Pending Sales of US Existing Homes Fall by Most in Two Years
Daniel Acker/Bloomberg News
Contracts to purchase previously owned homes unexpectedly dropped in January by the most in two years, representing a setback in residential real estate leading up to the spring selling season.
The pending home sales index fell 2.5%, the biggest drop since December 2013, after a 0.9% increase a month earlier that was larger than initially reported, the Washington-based National Association of Realtors said Feb. 29. The median projection in a Bloomberg News survey of economists called for the January index to rise 0.5%.
Still-tight credit conditions for some Americans, dwindling home choices and higher property prices could be limiting enthusiasm among prospective buyers. At the same time, persistent job gains, historically low mortgage rates and nascent signs of stronger wage growth should help keep housing from faltering.
“While January’s blizzard possibly caused some of the pullback in the Northeast, the recent acceleration in home prices and minimal inventory throughout the country appears to be the primary obstacle holding back would-be buyers,” NAR chief economist Lawrence Yun said in a statement. “Additionally, some buyers could be waiting for a hike in listings come springtime.”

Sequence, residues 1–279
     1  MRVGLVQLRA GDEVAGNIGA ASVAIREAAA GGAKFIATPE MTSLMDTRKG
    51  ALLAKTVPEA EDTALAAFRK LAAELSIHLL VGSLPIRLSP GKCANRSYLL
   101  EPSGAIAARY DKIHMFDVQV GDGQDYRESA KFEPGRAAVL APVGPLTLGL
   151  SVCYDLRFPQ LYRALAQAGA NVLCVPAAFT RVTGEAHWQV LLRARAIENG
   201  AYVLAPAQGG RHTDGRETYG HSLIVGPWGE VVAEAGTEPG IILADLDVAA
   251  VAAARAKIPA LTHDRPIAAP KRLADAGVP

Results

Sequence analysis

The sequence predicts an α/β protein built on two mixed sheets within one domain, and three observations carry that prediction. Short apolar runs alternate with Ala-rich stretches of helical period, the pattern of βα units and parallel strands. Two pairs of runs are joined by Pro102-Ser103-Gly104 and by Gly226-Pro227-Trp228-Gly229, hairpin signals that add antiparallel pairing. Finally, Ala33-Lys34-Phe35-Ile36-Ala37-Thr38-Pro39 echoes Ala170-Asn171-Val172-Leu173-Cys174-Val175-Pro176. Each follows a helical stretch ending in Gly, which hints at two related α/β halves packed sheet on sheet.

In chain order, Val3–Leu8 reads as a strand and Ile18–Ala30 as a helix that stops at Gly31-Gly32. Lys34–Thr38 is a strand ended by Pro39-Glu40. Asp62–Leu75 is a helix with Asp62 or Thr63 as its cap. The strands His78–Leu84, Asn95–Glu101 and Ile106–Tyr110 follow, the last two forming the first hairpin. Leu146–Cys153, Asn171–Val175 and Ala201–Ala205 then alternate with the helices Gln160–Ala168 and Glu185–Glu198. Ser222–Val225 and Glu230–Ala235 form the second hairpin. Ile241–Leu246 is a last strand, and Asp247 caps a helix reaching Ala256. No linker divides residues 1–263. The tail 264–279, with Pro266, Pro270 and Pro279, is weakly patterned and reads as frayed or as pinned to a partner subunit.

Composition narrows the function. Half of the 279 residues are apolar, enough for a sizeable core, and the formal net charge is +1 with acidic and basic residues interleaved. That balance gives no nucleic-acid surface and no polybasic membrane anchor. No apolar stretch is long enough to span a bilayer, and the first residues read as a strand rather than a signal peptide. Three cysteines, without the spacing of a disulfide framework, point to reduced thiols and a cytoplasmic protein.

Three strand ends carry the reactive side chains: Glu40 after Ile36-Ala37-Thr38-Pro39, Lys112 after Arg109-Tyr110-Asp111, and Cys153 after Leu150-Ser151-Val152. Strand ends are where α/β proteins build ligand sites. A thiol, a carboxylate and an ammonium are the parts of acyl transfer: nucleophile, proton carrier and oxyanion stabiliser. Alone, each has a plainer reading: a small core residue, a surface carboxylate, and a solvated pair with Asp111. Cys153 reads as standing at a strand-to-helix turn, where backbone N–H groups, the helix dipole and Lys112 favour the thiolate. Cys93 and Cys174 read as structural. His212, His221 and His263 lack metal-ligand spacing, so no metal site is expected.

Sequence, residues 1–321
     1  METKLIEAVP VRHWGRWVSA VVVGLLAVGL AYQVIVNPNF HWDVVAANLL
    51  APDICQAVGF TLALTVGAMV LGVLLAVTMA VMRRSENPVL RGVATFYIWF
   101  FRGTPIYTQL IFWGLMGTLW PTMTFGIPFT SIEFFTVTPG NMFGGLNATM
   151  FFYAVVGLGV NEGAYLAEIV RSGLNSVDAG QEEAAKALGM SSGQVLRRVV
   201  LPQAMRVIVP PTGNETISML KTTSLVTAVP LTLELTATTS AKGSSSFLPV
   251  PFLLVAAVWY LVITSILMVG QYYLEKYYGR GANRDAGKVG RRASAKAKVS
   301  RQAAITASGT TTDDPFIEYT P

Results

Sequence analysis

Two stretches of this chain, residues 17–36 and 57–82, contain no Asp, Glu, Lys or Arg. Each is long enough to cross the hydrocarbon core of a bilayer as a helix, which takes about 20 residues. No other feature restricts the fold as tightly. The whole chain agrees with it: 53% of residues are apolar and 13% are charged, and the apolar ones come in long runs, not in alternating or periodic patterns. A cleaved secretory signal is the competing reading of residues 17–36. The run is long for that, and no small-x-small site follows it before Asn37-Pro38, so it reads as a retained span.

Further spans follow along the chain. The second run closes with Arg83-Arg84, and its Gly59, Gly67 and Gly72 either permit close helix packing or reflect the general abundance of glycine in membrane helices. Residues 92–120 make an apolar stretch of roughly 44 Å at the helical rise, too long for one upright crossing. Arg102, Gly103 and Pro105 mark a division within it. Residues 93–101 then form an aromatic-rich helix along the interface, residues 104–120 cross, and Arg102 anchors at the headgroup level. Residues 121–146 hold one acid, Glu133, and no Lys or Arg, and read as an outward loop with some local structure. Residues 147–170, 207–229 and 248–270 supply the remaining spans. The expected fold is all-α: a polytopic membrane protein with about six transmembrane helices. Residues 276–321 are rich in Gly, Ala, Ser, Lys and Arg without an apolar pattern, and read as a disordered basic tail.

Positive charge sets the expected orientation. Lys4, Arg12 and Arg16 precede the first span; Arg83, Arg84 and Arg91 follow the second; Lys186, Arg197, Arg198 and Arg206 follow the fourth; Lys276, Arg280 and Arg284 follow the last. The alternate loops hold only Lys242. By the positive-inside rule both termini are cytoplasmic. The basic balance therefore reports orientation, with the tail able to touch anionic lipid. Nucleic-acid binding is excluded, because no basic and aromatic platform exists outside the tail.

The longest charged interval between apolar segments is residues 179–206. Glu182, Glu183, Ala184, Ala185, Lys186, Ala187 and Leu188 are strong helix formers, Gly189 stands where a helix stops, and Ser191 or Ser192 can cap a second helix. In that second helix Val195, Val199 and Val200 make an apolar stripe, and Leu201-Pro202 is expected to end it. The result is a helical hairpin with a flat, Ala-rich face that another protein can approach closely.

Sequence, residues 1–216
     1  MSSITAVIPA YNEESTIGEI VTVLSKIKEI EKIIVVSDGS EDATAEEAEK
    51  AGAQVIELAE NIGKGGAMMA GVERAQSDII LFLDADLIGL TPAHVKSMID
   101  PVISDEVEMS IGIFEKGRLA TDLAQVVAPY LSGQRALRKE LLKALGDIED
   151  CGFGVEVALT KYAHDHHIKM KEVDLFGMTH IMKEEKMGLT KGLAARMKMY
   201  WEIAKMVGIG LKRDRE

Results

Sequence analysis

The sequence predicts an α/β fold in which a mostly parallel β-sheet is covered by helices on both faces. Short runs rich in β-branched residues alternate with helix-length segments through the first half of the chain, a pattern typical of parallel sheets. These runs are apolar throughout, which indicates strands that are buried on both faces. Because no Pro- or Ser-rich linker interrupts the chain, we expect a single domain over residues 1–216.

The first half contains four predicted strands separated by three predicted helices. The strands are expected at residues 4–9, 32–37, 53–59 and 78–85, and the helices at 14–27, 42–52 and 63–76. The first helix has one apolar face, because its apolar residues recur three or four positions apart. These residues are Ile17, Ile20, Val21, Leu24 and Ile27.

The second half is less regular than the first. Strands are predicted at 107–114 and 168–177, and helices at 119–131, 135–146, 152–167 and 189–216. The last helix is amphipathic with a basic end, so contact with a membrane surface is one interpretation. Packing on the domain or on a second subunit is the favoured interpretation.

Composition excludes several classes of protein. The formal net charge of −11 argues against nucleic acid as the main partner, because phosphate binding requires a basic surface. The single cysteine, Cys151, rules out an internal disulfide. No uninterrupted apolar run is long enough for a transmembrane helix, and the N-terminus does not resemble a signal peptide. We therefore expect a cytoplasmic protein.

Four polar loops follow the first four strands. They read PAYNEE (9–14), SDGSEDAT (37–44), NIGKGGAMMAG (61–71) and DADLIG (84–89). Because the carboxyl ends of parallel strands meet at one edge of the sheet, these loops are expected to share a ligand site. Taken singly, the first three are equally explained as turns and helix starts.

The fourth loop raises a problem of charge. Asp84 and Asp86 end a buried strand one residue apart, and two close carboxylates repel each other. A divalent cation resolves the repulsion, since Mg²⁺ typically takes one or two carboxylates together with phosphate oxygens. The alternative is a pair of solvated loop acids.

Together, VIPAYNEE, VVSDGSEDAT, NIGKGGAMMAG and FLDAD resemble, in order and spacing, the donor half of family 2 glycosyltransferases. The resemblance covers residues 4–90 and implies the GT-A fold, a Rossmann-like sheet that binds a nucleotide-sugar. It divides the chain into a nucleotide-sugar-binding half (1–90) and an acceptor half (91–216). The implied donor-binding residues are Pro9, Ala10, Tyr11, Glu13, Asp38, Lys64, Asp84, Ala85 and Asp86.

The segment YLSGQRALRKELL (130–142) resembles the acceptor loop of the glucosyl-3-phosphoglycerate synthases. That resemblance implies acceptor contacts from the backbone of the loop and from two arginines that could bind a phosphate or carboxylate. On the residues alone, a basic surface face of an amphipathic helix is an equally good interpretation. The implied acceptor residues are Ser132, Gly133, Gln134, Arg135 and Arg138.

Estimates in the Bloomberg survey of 33 economists ranged from a decline of 2.5% to an advance of 3.8%. The Realtors’ group revised the December data from an initially reported 0.1% increase.
Purchase contracts dropped 0.9% in the 12 months ending in January after a 3.1% annual advance in December, the NAR report showed. The pending sales index was 106 on a seasonally adjusted basis, the lowest in a year. A reading of 100 corresponds to the average level of contract activity in 2001, or “historically healthy” home-buying traffic, according to the NAR.
Pending sales dropped in three of four regions, falling 4.9% in the Midwest, 4.5% in the West and 3.2% in the Northeast. Purchase contracts rose 0.3% in the South.
Economists consider pending sales a leading indicator because they track new purchase contracts. Existing-home sales are tabulated when a deal closes, usually a month or two later.
Those re-sales, which make up about 90% of the market, unexpectedly climbed in January to the second-highest pace since early 2007, NAR reported last week. Prices climbed from January 2015 as the number of dwellings on the market fell.
|By Michelle Jamrisko|
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